Here is what might be called: The Lawyer’s (L’s) Own Witness Problem

An expert witness is giving a deposition. There are three lawyers in the room.  The expert witness is giving an opinion in the hire of P (or, presumably on behalf of P).  The three lawyers are (1) the lawyer for P, (2) the lawyer for D(i), and (3) the lawyer for D(ii)  Consider three-question not to be identified here.  L for D(i) gives the objection in the title to Q1.  L for D(ii) gives that objection to Q2.  D(P) gives that objection to the third question. Can L(P) successfully move to strike the question? Can L(P) successfully move to strike the expert witnesses’ answer but not the question?

Does it matter that L(P) is not an expert witnesses lawyer but P’s lawyers, although L(P) is often referred to as L for the expert witness? (It does not really matter what L is for P. The same problem would arise for the lawyers for the defense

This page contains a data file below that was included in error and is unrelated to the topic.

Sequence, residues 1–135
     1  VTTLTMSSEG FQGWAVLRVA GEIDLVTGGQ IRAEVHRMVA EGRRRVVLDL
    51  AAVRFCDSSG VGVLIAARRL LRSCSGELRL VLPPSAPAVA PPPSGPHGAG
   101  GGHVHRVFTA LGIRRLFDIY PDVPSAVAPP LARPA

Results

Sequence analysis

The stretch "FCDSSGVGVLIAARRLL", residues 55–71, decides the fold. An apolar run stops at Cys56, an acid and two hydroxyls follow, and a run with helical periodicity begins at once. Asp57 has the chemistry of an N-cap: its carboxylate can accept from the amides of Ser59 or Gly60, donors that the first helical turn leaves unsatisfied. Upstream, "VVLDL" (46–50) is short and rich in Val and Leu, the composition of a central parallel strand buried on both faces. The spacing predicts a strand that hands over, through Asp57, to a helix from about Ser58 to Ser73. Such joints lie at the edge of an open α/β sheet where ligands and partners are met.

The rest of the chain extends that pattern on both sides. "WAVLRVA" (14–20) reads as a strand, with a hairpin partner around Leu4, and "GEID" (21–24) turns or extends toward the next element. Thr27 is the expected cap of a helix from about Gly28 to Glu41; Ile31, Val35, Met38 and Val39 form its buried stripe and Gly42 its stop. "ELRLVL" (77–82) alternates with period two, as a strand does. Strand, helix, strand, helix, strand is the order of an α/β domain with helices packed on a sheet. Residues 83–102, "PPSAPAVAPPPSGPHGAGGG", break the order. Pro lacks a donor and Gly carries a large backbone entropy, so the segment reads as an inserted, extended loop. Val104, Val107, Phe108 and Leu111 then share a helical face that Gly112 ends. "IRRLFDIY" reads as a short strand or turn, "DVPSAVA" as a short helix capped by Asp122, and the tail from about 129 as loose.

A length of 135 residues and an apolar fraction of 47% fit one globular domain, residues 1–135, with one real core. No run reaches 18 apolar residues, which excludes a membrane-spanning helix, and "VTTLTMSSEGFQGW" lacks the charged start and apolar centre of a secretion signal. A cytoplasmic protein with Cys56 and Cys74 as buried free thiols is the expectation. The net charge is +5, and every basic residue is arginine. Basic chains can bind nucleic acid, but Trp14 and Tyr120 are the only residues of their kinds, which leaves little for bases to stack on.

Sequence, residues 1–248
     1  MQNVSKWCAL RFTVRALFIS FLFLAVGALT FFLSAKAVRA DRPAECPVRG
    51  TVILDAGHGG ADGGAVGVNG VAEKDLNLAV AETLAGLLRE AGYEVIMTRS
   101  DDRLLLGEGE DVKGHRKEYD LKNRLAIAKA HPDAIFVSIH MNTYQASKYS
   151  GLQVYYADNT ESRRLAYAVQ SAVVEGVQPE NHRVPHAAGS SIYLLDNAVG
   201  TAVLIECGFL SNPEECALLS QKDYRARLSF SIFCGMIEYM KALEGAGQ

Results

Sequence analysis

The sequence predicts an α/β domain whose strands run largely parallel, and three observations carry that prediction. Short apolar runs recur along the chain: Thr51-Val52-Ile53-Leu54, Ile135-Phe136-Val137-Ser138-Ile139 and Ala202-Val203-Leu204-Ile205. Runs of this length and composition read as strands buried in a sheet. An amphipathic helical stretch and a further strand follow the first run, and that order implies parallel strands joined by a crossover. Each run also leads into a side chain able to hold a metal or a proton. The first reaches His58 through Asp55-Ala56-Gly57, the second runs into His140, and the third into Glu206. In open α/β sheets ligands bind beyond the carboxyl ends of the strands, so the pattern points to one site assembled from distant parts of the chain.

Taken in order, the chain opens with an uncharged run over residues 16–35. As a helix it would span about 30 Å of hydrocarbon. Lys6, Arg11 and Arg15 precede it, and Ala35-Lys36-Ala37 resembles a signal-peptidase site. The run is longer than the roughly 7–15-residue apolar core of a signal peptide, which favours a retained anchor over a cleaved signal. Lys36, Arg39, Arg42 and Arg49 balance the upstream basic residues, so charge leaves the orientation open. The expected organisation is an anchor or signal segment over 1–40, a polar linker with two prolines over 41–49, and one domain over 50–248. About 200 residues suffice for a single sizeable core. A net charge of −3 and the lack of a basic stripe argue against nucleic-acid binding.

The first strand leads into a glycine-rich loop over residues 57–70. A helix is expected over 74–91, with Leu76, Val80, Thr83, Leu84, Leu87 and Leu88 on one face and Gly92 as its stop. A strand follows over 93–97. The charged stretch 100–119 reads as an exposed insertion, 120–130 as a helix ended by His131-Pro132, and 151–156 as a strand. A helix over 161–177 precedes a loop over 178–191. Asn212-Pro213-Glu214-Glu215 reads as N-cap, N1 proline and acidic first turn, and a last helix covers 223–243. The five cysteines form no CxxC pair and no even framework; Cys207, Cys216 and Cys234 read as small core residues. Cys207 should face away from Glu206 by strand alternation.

Suppose that the witness is P. Can L(P) appropriately object to L D(i)’s questions? Can L(P) validly move to strike the answer of L(P)? Can L(i) validly move to strike the objection from L(P)?  What about a question from L for D(i) that interrupts the question being formulated by L for D(ii)?

Originally posted on 08/13/2013 @ 4:59 pm

Michael Sean Quinn, PhD, JD, CPCU, Etc

Michael Sean Quinn, PhD, JD, CPCU, Etc. (530)

One of Texas's leading insurance scholars, Michael Sean Quinn is a past chair of the Insurance Section of the State Bar of Texas and has a broad legal practice.

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